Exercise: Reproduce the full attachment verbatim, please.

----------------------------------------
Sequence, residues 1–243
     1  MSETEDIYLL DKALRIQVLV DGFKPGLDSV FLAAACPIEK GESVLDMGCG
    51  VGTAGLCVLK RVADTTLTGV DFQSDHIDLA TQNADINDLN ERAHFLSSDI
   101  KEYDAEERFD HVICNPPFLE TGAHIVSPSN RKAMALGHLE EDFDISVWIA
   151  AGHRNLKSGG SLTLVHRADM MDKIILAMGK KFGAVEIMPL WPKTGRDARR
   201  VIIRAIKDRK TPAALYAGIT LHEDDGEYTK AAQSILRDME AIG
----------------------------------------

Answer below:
Sequence, residues 1–243
     1  MSETEDIYLL DKALRIQVLV DGFKPGLDSV FLAAACPIEK GESVLDMGCG
    51  VGTAGLCVLK RVADTTLTGV DFQSDHIDLA TQNADINDLN ERAHFLSSDI
   101  KEYDAEERFD HVICNPPFLE TGAHIVSPSN RKAMALGHLE EDFDISVWIA
   151  AGHRNLKSGG SLTLVHRADM MDKIILAMGK KFGAVEIMPL WPKTGRDARR
   201  VIIRAIKDRK TPAALYAGIT LHEDDGEYTK AAQSILRDME AIG